These 41 grant partnerships, totaling $2,048,678, will support community-based conservation and outdoor recreation activities throughout the state and build on $22 million already awarded by TPWD over the past 25 years.
CO-OP grant recipients include churches, conservation groups, nature centers, nonprofit organizations, school districts and municipalities.
The following organizations in Central Texas will receive funding:
Austin Peace Academy: $60,000
The Science Oriented Camping & Fishing for Middle and High School program will create the first campus fishing club for this East Austin Title One school, with day trips for hands-on practice to fishing spots at local and state parks. Science classes will also hit the road, transporting 110 students to six Texas State Parks for overnight campouts with geology lessons, caving, astronomy sky parties and native plant hikes.
Camp Fire of Central Texas: $60,000
Citizen Science and Stewardship Program: Youth in Nature is an extension of the Camp Fire afterschool and backpacking clubs, integrating Project WILD and the Texas Nature Tracker programs to deeply engage 150 elementary and middle school students in environmental science. Two long-term service-learning projects at McKinney Falls State Park contribute monarch butterfly and pollinator data to the iNaturalist program. Students and their families can also attend overnight camping trips and participate in backpacking adventures at state parks.
Partners in Education, Agriculture, and Sustainability (PEAS): $59,996
The Connecting with Nature on Campus program supports four Title One schools with robust environmental education lessons. Students spend more than 2,800 hours in outdoor learning. The project includes adapting Project WILD and Growing Up WILD curriculum and support for 20 teachers. Summer programs also utilize the Archery in Schools program, with staff attending TPWD Archery Instructor training.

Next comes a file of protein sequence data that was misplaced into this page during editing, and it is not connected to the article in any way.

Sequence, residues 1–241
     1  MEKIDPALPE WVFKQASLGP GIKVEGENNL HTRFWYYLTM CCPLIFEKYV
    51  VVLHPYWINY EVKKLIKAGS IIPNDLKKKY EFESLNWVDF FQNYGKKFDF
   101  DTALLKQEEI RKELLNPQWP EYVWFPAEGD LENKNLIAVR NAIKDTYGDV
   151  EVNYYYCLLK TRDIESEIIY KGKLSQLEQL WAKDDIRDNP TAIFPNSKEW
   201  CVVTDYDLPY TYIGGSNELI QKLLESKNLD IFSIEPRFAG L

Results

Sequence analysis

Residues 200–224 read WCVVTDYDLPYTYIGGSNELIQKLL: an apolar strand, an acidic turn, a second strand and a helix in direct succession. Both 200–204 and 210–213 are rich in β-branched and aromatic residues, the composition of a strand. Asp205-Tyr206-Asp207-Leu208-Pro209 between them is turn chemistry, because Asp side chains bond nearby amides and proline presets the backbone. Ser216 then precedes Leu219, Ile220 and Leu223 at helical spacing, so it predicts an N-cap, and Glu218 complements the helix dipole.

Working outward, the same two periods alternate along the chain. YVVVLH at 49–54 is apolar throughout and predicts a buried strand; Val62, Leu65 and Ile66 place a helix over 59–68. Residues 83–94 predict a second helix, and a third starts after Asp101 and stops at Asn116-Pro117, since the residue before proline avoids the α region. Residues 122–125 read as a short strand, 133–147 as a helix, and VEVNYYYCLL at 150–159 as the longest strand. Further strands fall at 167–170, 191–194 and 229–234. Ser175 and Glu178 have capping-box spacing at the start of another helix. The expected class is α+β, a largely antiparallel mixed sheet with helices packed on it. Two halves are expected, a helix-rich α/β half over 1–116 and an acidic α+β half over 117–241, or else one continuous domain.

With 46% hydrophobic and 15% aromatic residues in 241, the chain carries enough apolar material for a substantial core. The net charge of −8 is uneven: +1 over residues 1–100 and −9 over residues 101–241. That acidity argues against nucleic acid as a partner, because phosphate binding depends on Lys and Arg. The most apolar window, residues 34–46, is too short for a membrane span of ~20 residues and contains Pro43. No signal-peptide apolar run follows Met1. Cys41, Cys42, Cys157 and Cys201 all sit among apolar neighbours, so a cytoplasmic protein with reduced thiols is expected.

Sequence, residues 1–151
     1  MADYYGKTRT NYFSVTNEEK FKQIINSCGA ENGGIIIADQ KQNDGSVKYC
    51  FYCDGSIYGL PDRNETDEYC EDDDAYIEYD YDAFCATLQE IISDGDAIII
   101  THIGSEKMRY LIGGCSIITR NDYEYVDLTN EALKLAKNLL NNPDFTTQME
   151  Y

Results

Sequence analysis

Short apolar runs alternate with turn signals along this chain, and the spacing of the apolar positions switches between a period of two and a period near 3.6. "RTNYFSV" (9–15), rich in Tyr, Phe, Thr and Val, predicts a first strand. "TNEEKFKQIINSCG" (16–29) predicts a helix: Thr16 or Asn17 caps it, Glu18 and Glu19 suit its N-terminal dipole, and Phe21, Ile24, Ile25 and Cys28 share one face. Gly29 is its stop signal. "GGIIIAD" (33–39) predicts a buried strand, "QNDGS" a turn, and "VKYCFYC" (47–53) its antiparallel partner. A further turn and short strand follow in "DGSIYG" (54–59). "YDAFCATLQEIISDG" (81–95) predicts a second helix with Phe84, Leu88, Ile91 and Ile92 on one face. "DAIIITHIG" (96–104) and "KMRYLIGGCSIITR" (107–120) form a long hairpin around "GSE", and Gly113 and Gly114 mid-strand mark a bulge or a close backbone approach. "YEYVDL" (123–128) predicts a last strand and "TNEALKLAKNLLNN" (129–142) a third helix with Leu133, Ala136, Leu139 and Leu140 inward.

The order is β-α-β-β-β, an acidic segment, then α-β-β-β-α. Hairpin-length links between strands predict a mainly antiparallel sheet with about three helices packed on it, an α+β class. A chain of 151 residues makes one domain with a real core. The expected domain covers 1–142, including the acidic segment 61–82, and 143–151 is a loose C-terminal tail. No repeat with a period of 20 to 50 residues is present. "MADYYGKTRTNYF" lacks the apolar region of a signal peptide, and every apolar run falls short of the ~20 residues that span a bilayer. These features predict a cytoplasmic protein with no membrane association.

National Audubon Society-- Audubon Texas: $60,000
Audubon’s Conservation Leaders Program for Young Women engages 36 high school students from diverse and socio-economically disadvantaged urban areas in mentorship and conservation leadership experiences. The 12-month program includes recreation and field experiences at state parks, water quality sampling, conservation action projects, and a career panel. A five-day capstone experience offers an introduction to the Texas Nature Trackers program and a citizen science project partnering with a TPWD biologist to gather dragonfly data.
Nature and Eclectic Outdoors: $60,000
Wilderness Kids partners with historically marginalized inner-city Houston neighborhoods to create connections to state and regional parks, teach outdoor skills, inspire stewardship and encourage outdoor lifestyles. It provides field trips, day camps and opportunities for family camping workshops to more than 500 students, as well as an intensive Student Outdoor Leaders program that explores conservation careers, stewardship and service projects.
Williamson County Juvenile Services Division: $29,000
The GO! Program provides opportunities for 150 youth within the Williamson County juvenile justice system to visit local, state and city parks, and learn new outdoor skills such as fishing, biking, paddle boarding, rock climbing, and outdoor cooking. A visit from a TPWD Game Warden will provide insight into careers in conservation, and youth also participate in a service project at Mother Neff State Park.
The Forever Foundation for Texas Wildlife: $59,270
Getting Texans Outside offers greater access for urban populations and people of color by increasing outdoor opportunities with private landowners. Two Huntmaster programs will train experienced hunters to volunteer as mentors on 10 amentored adult hunts and four mentored youth hunts. A new pilot program, Texas Nature Expeditions, will partner with community youth groups to engage families in ornithology and bird watching, water ecology, and wildlife photography.
Texas State University: $59,920
The Spring Lake Outdoor Education Project offers outdoor experiences led by university recreation students trained in TPWD’s Aquatic Science, Project WILD, archery and outdoor leadership curriculums. Activities include after-school and summer programs, outdoor sessions with the Discipline Alternative Education Program, opportunities for overnight campouts at Texas State Parks and backpacking trips at Lost Maples and Enchanted Rock State Natural Areas.